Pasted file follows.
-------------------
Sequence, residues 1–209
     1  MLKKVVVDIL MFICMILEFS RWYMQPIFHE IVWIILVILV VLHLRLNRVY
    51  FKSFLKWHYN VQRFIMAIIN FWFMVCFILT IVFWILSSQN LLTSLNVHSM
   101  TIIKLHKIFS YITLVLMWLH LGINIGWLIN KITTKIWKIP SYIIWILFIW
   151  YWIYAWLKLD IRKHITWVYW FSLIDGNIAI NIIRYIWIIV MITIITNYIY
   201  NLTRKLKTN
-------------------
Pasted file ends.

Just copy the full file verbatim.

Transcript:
Sequence, residues 1–209
     1  MLKKVVVDIL MFICMILEFS RWYMQPIFHE IVWIILVILV VLHLRLNRVY
    51  FKSFLKWHYN VQRFIMAIIN FWFMVCFILT IVFWILSSQN LLTSLNVHSM
   101  TIIKLHKIFS YITLVLMWLH LGINIGWLIN KITTKIWKIP SYIIWILFIW
   151  YWIYAWLKLD IRKHITWVYW FSLIDGNIAI NIIRYIWIIV MITIITNYIY
   201  NLTRKLKTN